The economic goals of the Ems region

Along with agriculture and tourism, ship transportation shapes the Ems region. While the shipping industry, as a sub-sector of the maritime economy, is largely concentrated in Haren and Leer, shipbuilding and port logistics are based in Papenburg and Emden. Bulk goods like salts, fertiliser, construction materials, and agricultural products are largely processed at the inland harbours of the Ems. Large industrial locations for the automotive industry, paper manufacturing, and wind energy plants, among others, have developed near these harbours, serving the Ems region and the global market.

Along the Ems federal waterway, nearly 15,000 employees work in this economic sector in the drainage basin of the Ems thoroughfare. According to an assessment released by the Lower Saxony Institute for Economic Research in 2014, Meyer Werft currently employs around 3100, half of whom come from the Emsland and Leer districts, plus more than 2200 full-time positions with direct vendors and more than 200 with indirect vendors. An employment effect of about 20,000 full-time positions in Germany is expected by 2017. One-fifth of vendors from the region benefit from technological advances and innovations, according to the report. With its strong development and engineering divisions, Meyer Werft is a crucial driving force for the development of this economic region with relatively few epicentres of innovation.

In addition to this are another estimated 20,000 positions with companies from sectors that directly depend on the harbours (e.g. VW, ENERCON, Nordland-Papier), vendors and companies working for corporations that depend on the harbours, and the expanded commerce and service sectors.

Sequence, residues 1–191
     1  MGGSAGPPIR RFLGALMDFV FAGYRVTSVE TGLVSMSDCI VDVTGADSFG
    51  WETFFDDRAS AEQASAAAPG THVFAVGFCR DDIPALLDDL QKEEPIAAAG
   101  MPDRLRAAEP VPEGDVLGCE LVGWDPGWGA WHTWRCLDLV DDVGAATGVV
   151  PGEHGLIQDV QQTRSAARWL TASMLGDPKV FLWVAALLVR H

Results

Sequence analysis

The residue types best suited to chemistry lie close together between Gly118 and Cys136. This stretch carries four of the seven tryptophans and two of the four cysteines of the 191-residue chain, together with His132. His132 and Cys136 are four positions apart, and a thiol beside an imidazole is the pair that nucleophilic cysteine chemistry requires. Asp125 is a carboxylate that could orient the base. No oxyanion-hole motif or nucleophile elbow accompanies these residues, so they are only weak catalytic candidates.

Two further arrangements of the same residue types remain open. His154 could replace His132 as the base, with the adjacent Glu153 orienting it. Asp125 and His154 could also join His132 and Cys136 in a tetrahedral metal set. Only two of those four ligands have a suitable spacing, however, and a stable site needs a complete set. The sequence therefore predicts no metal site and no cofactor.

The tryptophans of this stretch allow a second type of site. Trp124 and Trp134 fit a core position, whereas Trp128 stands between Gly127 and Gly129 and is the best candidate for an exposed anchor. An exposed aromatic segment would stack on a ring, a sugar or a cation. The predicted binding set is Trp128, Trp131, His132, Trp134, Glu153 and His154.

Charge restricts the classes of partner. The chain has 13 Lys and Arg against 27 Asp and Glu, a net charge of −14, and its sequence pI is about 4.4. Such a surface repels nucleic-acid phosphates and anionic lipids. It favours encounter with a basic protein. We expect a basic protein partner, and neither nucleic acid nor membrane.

This immense employment volume with a strong regional base ensures a special degree of regional added value through its dynamic nature and innovation. Families, retail, and service providers thus benefit as much as the municipalities and districts of the Ems region who receive considerable fiscal revenue from the regional economic effects - and with it the creation and maintenance of local infrastructure and quality of living.

A sufficiently navigable, year-round federal waterway – the Ems – is crucial for shipbuilding, port logistics, and all other harbour-related sectors. However, the heavy sedimentary contamination of the Ems necessitates extensive dredging to keep the fairways at the necessary draught. The harbours along the Ems are also suffering from the massive silt contamination. The silt reduction measures suggested by the Master Plan Ems 2050 could thus lead to visible economic relief.